When the girls turned three, Ali finally let his family in on his problems and his mother and sister decided to visit. Rita's attitude changed and she suggested that his mother take the twins to Libya for a few weeks so they could meet the rest of the family.

When they left, she kept quiet for three days, then without a word she disappeared. On the fifth day, Ali had to register his visa, but when he turned up at the police station, they said he was being accused of kidnapping the girls, beating his wife and kicking her out of the house. "Speechless, I burst into tears, because I had no idea what was happening," he says, suddenly pricking his ears when he hears a girl sobbing downstairs and excuses himself to see what was happening. Assured his girls were fine, he returns to continue the interview.

Ali was deported and returned to Libya to stay with his parents and daughters. However, although he failed to establish contact with his wife, he managed to return to Malta after four months and when he finally confronted her, she broke down and admitted she was four months' pregnant after meeting a foreigner who she insisted had raped her.

"She begged me to get together again and promised to change her ways. I wanted the girls to be brought up in a family and I knew they were receiving a good education in Malta, so I relented."

Ali recalls how she had asked him for money to abort the child, but he felt it was morally wrong and suggested they bring him up together. A few months later when he returned to get the girls from Libya, he discovered that Rita had given birth and sold her offspring for Lm900 (€2,096).

"I was in shock. How can a woman sell her own flesh and blood? We began to live together again, but her vindictiveness soon took over and I suggested that I sleep on the sofa and we lead separate lives, but under the same roof for the sake of the children," he says, in perfect Maltese.

Soon she was out dating, but after a while she began plotting to get him out so she could move in with her new boyfriend. So she trudged back to the police station and filed another report that Ali was beating her.

The police turned up at the door and ordered him to move out. In the midst of this confusion, Rita intervened and suggested he take the girls with him. Stunned that a mother would relinquish her children, the policeman kept asking her if she understood the ramifications.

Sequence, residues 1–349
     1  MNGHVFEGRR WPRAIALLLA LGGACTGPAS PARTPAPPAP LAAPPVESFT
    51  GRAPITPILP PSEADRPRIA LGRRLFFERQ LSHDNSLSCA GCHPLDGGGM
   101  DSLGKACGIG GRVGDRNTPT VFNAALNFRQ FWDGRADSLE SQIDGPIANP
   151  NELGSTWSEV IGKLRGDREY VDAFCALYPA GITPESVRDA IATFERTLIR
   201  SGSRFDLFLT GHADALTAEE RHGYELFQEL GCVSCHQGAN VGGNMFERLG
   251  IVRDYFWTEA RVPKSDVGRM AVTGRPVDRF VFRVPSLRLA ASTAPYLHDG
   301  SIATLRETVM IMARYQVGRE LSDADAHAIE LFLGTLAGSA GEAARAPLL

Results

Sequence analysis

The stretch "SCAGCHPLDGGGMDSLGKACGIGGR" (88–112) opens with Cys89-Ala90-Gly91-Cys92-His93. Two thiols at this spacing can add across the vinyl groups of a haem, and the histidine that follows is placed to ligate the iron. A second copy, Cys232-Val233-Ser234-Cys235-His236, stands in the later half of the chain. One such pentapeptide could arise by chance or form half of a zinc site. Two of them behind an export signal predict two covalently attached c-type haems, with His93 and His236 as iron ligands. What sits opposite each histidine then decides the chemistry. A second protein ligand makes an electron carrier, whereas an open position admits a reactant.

"The policeman made her sign a document saying she was temporarily ceding custody of the girls. He read it out to her three times, but she signed it without a second thought," he says, producing the piece of paper to prove his point.

At that moment, the girls walk into the room, still in their Mickey Mouse pyjamas and fluffy slippers. Hearing their mother being mentioned, one of them chips in: "I just like mummy a little bit, but daddy I love a lot," and they both cuddle up to hug him.

Ending the year on a bad note, Ali is not disheartened and he looks forward to a new year that can only get better. YMCA Homeless helped to make their Christmas special and Father Christmas even showed up with gifts, which Ali cannot afford at the moment.

"I was too broke to buy the girls any presents, but I'm saving to one day buy them a Playstation 2, because they would love to have one," he says.

His one wish for the New Year is to have a roof over their head; their very own home which nobody could kick them out of, and to start afresh.

"We'll get there slowly. I won't give up. When the girls hug me and kiss me good night, they strengthen my resolve to go on."

To pledge year-round support to YMCA Homeless or for more information visit www.ymcahome less.org or call 2122 8035. To make a donation of Lm2 (€4.66) send an SMS to 5061 8088, or for Lm5 (€11.65) send an SMS to 5061 9212.

* Names have been changed to protect the people's identity.